2022/2023 Seed Exchange
from Fiona Woolfenden


In the wake of many recent postal changes in many countries, the Society is working to ensure that interested members can participate in a seed exchange this year. At the very least we will run three seed exchanges with three administrators: Mike Miller (USA/Canada), Ingrid Kastell (EU-Sweden), and Guy Opie (Great Britain). A huge "Thank You" to these new administrators!

We hope to make the seed exchange a truly international exchange among the three areas, but more paperwork has to be done to make it happen. More details on exactly how the seed exchange will work will be sent via a dedicated seed-exchange email, a Society Facebook posting, and a posting on our website at seeds2022.pdf.

Plan on mailing your seed by December 31, 2022

In the meantime, NOW is the time to start thinking about collecting seed and preparing it to send to the Society’s Seed Exchange. The best seed to donate is from species as these are most likely to grow true to type, but seeds from any cultivar are welcome.

Seeds collected in the wild, particularly from expeditions, are especially sought, as species common in one country are often difficult to find or to buy in another country.

Seeds from Viorna Group plants are the most in demand whatever the origin and whether a cultivar or a mix! So, if you are able to donate seeds of plants of the Viorna Group, please do so, as they will be much appreciated by your fellow members! Other popular seeds are from the Atragene Group and the Montana Group.

Growing Clematis Seeds

Growing Clematis from seed is an interesting experience; seeds often do not come true to the parent varieties, especially seed of the large-flowered hybrids. Species are most likely to be successful and reasonably true to the parent plant; however, experimentation can provide experts and beginners alike with hours of interest, fun, and the possibility of a new variety!

Identifying Suitable Seeds

The seeds that you donate to the Seed Exchange must be viable–generally seeds in the seed heads are visible, particularly with species. If not, then the seed has probably not set and will most likely not germinate.

On some varieties, you will find that only one or two seeds on a seed head are viable; the rest are not. The photo below of a group of seedheads shows a nonviable seedhead (the fuzzy one at the top) and other seedheads where only one or two seeds have set. Because they still show green, these seeds are not yet ripe enough to pick.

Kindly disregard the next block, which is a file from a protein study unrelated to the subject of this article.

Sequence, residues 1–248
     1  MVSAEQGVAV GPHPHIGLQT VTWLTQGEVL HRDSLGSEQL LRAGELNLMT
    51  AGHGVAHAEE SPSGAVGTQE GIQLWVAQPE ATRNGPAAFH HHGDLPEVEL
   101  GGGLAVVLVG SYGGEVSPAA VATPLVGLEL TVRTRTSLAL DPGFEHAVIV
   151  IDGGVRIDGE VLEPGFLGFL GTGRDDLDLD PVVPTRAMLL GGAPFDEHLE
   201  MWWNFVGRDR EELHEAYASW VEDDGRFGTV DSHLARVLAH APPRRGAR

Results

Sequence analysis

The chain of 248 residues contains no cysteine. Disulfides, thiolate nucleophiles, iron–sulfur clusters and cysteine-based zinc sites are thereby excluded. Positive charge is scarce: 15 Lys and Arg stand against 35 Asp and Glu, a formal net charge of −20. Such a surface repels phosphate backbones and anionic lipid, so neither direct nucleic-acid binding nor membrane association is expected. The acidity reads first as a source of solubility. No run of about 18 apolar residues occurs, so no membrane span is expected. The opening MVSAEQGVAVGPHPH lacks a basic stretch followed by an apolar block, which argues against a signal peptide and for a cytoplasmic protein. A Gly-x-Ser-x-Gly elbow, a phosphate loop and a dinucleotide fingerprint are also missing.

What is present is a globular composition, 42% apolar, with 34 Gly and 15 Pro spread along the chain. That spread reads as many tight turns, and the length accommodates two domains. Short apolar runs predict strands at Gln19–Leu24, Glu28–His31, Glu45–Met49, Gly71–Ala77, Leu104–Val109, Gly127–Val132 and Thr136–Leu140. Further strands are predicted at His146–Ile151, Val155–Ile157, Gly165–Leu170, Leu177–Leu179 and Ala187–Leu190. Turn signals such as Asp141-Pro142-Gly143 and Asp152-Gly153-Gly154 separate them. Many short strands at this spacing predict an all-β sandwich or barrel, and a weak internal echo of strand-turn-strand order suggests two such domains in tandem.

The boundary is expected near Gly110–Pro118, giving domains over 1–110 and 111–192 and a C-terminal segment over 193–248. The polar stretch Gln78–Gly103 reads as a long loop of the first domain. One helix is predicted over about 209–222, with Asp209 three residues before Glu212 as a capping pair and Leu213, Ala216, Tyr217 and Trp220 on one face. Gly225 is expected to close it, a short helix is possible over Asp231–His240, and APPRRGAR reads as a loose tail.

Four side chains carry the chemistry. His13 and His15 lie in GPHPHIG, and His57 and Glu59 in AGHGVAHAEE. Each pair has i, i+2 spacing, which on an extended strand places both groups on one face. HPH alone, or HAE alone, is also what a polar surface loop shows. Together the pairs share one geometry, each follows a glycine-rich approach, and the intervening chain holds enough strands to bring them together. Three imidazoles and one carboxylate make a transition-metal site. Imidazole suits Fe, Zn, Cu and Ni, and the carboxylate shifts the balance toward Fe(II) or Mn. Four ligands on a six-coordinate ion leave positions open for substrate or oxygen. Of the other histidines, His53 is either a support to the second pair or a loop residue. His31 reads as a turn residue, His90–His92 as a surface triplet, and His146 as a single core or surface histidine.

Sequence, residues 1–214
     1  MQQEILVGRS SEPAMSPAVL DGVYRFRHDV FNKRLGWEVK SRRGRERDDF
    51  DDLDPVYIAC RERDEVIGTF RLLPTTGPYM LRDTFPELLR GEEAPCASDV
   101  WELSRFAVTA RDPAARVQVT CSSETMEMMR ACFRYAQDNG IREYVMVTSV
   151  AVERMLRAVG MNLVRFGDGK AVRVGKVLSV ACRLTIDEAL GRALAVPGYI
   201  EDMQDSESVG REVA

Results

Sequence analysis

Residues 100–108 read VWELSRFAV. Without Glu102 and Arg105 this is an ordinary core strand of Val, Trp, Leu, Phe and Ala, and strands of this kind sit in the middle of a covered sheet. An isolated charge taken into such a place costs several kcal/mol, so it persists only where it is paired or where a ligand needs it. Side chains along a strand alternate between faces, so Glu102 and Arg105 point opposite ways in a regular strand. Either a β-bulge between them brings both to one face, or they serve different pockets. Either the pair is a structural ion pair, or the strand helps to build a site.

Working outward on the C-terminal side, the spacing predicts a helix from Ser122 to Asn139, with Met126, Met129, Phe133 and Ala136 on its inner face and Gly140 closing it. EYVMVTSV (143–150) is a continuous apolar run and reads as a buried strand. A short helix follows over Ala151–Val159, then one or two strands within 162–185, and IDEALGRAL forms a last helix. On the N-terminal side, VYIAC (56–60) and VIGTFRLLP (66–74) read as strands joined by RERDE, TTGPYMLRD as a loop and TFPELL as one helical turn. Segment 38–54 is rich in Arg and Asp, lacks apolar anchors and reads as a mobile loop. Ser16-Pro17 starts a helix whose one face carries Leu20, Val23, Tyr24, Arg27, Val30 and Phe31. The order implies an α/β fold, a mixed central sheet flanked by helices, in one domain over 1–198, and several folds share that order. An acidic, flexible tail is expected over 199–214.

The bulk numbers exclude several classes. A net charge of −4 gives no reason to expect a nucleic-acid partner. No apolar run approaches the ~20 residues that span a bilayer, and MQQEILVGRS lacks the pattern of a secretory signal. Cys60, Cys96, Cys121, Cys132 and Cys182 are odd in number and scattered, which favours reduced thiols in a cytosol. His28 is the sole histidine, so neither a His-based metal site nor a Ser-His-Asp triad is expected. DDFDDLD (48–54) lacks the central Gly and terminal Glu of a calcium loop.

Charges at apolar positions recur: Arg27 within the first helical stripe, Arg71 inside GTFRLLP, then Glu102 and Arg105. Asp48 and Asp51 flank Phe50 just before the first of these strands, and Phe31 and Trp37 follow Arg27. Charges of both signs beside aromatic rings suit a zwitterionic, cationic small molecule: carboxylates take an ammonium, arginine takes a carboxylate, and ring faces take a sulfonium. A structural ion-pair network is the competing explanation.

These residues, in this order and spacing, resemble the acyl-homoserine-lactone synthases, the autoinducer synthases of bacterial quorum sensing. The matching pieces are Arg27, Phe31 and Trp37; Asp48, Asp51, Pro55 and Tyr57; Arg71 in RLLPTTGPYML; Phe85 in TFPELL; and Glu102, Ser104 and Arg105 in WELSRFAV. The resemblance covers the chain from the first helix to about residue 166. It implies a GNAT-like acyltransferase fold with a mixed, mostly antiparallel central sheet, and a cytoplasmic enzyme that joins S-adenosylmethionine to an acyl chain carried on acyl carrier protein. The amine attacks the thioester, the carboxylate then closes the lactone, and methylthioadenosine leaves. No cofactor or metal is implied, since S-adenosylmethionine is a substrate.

Identifying seedheads©Fiona Woolfenden

Group of seedheads showing a nonviable seedhead (fuzzy one at the top)
and others where only one or two seeds have set

Seeds should be well ripened and dry; this means that the seeds will be brown. In the photos below you can see on the left the seed head of a large-flowered early hybrid that is not yet ripe, while the seed head of a viticella type in the photo on the right is ripe and ready to be picked. Seeds come away easily when they are ripe.

Seedhead not yet ripe©Fiona Woolfenden

Seedhead not yet ripe

Seedhead ripe and ready to be picked©Ken Woolfenden

Seedhead ripe and ready to be picked

Please clean the seeds by removing the feathery seed tails, if present.

Any seeds are welcome, whether from a named species or a named cultivar. A mix of montana plants, for example, is also welcome. We would appreciate it if you can put the dry cleaned seeds in a paper envelope and NOT a plastic bag. Please write on the outside of the envelope the name of the Clematis hybrid or species from which the seeds came, as well as the additional information below.

If the seed is collected from a cultivated plant but that plant came from the wild, please write down the location of the wild plant, if known. If you collected the seeds in the wild, please add the name of the place and country where they were collected and date of collection. If the place is not known, then the nearest road number and village/town would be OK.

Be sure to also add your own name on the paper envelope so the Seed Exchange Administrator knows who sent the seeds.

If you believe that you will be able to donate some seed that is not yet ripe, please inform your administrator. The seeds are collected this year; then early next year the Society will send you a list of the seeds available.

Where to Send Your Seeds

Please click on seeds2022.pdf for details of where you should send your seeds.

Seed Exchange FREE to Members

The Society does not profit from the seed exchange. A number of years ago we decided not to charge an administration fee as we were concerned that the difficulties of paying small amounts of money were stopping members from ordering seeds. The result was successful in that more members requested seeds. Therefore, we do not ask for an administration fee but suggest that when you renew your membership in January you consider adding a small donation to cover administration costs for seeds that you ordered last year.

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@ K.Woolfenden

All information contained at this site is personal to Ken Woolfenden and
does not represent the official view of the International Clematis Society.
@K.L.Woolfenden